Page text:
In January 1736, three men, Andrew Wilson, William Hall and George Robertson, were charged with smuggling and attempting to rob Collector of Excise, James Stark at the Pittenween Inn, Fife.
The three were then carted off in chains to Edinburgh’s notorious Tolbooth Prison to learn of their fate.
Smuggling in 18th century Scotland
Instances of smuggling had risen dramatically since the Act of Union in 1707 which allowed hefty English taxes to be imposed equally upon goods in Scotland. The introduction of a malt tax in 1725 which led to a sharp increase in the price of ale was met with universal disapproval. Three decades on from its inception, a lingering hatred of the union persisted north of the border, and those bold enough to reject the law of the excisemen were often romanticised as genuine heroes of the people. Harsh sentences were placed on those who dared to commit such crimes. For the two of the three smugglers at Pittenween in 1736, this meant death.
Sentenced to hang
All three men were initially faced with the Grassmarket gallows, though William Hall had his sentence revoked for returning King’s Evidence against his fellow conspirators. Judgment day for Andrew Wilson and George Robertson was set for 14 April.
Just five days before they were due to be hanged, Wilson and Robertson attempted to escape the Tolbooth. Acting alongside a pair of horse thieves from the cell above them, they managed to saw through the bars of one of the Tolbooth’s narrow windows. Robertson squeezed through the gap and using rope, lowered himself to the High Street below. Wilson wasn’t too successful, his rather more portly frame preventing him from proceeding any further. When the guards arrived they were presented with the lower half of Andrew Wilson, lodged firmly in the window. The pair’s daring escape had been foiled.
Three days later the men were present at the Tolbooth Kirk for their pre-execution sermon – a customary practice for the condemned. During the service, the sprightly Robertson suddenly broke free and made a dash for the exit. He eventually fled to the Netherlands and spent the rest of his days running a tavern in Rotterdam. Andrew Wilson, however, was left to face his sentence.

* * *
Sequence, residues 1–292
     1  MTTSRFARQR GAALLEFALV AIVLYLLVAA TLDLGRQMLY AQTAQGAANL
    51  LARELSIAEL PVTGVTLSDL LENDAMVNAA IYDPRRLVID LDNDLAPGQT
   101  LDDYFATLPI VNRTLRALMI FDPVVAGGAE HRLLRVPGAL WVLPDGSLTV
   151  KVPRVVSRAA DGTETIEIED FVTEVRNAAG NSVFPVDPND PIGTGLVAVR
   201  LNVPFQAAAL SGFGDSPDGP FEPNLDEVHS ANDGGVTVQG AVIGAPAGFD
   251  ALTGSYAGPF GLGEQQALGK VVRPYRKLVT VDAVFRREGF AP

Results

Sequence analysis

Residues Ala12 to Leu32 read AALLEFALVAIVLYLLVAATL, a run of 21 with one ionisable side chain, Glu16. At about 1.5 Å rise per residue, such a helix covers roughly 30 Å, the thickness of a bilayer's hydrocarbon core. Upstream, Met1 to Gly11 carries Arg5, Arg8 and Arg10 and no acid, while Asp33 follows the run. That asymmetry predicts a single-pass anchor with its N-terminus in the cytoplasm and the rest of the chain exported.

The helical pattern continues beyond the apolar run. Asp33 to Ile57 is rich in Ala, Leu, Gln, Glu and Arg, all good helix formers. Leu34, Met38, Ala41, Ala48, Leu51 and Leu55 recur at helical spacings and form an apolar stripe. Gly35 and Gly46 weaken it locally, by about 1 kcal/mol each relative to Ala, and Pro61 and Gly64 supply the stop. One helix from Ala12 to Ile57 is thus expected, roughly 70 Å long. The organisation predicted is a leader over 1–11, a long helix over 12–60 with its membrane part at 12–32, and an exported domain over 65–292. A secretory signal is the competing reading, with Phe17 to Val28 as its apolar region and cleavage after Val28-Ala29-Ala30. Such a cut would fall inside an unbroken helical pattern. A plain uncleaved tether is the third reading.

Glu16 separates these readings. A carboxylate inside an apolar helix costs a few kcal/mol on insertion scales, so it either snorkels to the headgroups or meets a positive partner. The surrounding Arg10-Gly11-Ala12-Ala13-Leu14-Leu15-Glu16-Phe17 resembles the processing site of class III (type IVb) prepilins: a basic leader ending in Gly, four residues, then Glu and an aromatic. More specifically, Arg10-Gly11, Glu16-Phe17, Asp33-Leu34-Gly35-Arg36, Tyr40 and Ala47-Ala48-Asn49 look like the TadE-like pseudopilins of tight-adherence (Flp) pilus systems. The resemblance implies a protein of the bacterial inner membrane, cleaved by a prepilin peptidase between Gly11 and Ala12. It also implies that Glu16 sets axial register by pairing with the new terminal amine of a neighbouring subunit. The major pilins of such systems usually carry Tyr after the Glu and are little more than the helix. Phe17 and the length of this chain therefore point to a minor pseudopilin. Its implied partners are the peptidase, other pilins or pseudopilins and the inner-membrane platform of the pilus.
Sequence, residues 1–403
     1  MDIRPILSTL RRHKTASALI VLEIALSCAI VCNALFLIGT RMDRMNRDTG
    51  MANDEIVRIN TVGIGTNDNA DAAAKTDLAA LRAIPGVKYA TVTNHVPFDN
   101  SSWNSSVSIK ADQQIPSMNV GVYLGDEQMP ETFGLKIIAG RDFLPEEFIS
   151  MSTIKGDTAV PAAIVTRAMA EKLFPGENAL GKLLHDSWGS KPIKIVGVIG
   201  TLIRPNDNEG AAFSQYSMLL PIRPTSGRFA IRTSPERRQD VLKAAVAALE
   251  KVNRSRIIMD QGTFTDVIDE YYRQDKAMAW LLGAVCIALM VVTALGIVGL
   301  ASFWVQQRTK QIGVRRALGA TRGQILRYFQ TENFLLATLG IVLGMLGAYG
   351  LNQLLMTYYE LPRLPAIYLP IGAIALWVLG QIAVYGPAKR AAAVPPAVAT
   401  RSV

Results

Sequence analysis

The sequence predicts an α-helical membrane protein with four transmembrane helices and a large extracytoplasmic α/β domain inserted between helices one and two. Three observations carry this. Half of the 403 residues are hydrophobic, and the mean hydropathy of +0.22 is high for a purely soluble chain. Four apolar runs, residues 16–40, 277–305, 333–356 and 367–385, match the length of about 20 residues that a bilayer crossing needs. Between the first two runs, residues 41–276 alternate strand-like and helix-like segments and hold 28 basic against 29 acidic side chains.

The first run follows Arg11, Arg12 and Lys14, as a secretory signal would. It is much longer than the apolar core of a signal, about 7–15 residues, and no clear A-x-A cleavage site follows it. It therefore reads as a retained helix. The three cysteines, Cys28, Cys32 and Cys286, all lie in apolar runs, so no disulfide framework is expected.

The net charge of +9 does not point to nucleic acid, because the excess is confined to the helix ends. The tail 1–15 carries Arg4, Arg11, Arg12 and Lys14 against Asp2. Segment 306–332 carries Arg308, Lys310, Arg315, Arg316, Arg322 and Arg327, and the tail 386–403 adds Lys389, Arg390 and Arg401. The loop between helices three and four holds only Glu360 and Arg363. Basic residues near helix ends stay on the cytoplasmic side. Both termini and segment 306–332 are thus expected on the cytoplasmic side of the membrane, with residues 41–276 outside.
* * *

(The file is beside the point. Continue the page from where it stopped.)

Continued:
Execution and riot
A large crowd gathered in Edinburgh’s Grassmarket on 14 April to witness the hanging of Andrew Wilson. The execution took place without incident, but the peace didn’t last long. Just as Wilson’s body was being cut down from the gallows, a section of the crowd began pelting the executioner with stones. Rumours had been rife that Wilson had been tortured while incarcerated and what had been a relatively calm sea of spectators quickly transformed into an angry mob. The City Guard, acting on the orders of the widely loathed (and allegedly intoxicated) Captain John Porteous, fired into the crowd in retaliation. Several lay dead as a result. Some soldiers decided to ignore the direct orders and fired into the air, resulting in the death of a young boy who had been watching the action unfold from his tenement window. A total of 9 were reported to have been killed and at least 20 wounded by the City Guard.
Porteous had served as Captain of Edinburgh’s City Guard since 1726. He was described as an arrogant and overbearing official with a keen sense of his own self importance. He was despised by the mob and the underclasses of Edinburgh society, and was now on trial for murder.
Porteous’ trial and lynching
There was no shortage of enthusiastic witnesses to testify against Porteous’ actions. The jury, no doubt spurred on by the mob gathered outside, did not hesitate in finding him guilty, and he was sentenced to hang on 8 September.
This was a rare outcome. Porteous was Captain of the City Guard and his actions, against what was a violent mob, were seen by some as absolutely necessary and justifiable. When the news reached London, Prime Minister, Sir Robert Walpole managed to secure Porteous a Royal Pardon. This would not go down well back in Scotland’s capital.
On the eve of Porteous’ proposed execution, a 4,000 strong mob took to the streets of Edinburgh. A total lockdown was ordered by the City Guard and all gates, including the Netherbow Port were closed – shutting out many troops stationed outside of the town. The enraged mob made their way to the Tolbooth Prison where Porteous was being held and set the jail door alight. Porteous attempted to flee but was eventually grabbed by force and dragged up the Lawnmarket, then down along the West Bow towards the Grassmarket where Andrew Wilson had met his end. Porteous was strung up on a dyer’s pole and brutally lynched until he ceased to move. The government would later declare a reward of £200 for any information of those responsible for Captain Porteous’ murder, but none of those guilty would ever be found.
Sir Walter Scott’s famous novel The Heart of Midlothian written in 1818 would later recall the events in great detail.
Today a plaque marks the spot on the Grassmarket where Porteous’ lynching took place.